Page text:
On February 28, Brown v. Board of Education of Topeka is filed in federal district court in Kansas.
NAACP lawyer Spottswood Robinson files Davis v. Prince Edward County, a challenge to Virginia's segregated schools and another of the cases eventually consolidated with Brown.
Briggs v. Elliott, the South Carolina case, goes to trial. Marshall and the NAACP present a vast array of social science evidence showing how segregation harms black school children, including Kenneth Clark's controversial "Doll Study." A three judge panel upholds segregation in the schools by a vote of 2 to 1.
Brown v. Board of Education goes to trial with Robert Carter leading the NAACP legal team. In August, a three judge panel unanimously holds that "no willful, intentional or substantial discrimination" exists in the Topeka public schools. The court finds that the physical facilities in white and black schools are comparable and that the Supreme Court's decisions in Sweatt v. Painter and McLaurin apply only to graduate education. However, the court also includes a finding of fact that echoes the testimony of the social science experts by noting that segregation has a detrimental effect on black school children. "The impact [of segregation] is greater when it has the sanction of the law; for the policy of separating the races is usually interpreted as denoting the inferiority of the Negro group. . . . Segregation with the sanction of law, therefore, has a tendency to retard the educational and mental development of Negro children and to deprive them of some of the benefits they would receive in a racially integrated school system."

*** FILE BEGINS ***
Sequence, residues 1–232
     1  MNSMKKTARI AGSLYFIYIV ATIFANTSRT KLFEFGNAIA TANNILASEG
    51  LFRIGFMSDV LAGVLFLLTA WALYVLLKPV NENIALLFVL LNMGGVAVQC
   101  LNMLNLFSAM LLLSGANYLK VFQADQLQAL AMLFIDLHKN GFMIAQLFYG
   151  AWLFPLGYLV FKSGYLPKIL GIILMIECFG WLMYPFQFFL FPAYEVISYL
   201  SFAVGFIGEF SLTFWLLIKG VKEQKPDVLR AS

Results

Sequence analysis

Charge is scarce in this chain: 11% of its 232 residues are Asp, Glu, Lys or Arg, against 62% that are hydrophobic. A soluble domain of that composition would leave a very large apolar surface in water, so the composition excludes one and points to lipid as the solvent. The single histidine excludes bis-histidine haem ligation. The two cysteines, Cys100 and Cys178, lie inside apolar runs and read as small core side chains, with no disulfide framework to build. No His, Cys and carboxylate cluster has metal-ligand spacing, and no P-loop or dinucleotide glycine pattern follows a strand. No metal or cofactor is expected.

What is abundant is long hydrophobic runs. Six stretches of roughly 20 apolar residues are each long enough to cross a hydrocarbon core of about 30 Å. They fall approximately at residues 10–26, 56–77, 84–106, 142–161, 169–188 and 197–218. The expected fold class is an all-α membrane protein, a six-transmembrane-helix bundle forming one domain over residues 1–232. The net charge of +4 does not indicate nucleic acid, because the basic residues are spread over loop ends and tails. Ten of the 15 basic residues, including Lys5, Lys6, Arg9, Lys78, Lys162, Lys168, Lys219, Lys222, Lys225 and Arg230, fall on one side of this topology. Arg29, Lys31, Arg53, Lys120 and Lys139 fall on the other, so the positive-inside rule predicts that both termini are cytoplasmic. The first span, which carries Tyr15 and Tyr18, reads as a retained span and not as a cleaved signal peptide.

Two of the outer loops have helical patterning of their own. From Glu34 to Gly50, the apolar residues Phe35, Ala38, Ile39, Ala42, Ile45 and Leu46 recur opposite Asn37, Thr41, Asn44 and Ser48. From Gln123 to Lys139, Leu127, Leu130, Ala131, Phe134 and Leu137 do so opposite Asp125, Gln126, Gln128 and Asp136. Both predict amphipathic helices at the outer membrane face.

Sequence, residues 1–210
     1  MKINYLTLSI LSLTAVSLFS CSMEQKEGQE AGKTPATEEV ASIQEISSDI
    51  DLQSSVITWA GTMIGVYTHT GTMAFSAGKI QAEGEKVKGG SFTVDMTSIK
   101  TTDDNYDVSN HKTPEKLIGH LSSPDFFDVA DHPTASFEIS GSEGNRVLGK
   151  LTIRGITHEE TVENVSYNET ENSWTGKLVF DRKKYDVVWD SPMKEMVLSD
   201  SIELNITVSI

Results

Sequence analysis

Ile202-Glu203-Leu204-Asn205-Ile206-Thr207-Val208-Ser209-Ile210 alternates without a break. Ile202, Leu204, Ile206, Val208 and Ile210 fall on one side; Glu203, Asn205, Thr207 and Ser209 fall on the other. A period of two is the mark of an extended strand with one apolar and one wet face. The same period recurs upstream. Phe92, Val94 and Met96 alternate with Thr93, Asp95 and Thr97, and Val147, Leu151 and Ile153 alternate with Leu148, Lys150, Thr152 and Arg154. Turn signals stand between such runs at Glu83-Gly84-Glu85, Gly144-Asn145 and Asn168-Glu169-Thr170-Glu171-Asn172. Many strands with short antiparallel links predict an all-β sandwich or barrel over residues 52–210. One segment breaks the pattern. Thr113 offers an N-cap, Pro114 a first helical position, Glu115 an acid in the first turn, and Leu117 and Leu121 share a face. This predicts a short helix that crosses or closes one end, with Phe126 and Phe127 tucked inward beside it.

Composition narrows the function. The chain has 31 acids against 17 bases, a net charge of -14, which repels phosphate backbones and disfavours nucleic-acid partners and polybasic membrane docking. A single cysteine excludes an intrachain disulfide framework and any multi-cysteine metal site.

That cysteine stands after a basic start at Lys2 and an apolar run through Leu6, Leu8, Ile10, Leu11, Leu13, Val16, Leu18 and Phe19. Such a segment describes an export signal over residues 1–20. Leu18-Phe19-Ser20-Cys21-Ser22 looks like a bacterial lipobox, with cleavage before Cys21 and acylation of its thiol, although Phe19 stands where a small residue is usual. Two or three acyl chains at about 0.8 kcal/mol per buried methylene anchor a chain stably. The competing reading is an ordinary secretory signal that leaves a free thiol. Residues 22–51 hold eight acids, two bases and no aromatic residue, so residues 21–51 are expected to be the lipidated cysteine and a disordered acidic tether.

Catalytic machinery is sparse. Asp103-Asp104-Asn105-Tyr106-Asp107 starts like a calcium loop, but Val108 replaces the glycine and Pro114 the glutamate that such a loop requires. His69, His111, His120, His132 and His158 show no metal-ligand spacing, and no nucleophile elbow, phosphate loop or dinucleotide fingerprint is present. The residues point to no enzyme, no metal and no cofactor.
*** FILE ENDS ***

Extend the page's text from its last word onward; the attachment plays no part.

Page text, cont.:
The Delaware cases, Belton v. Gebhart and Bulah v. Gebhart, go to trial.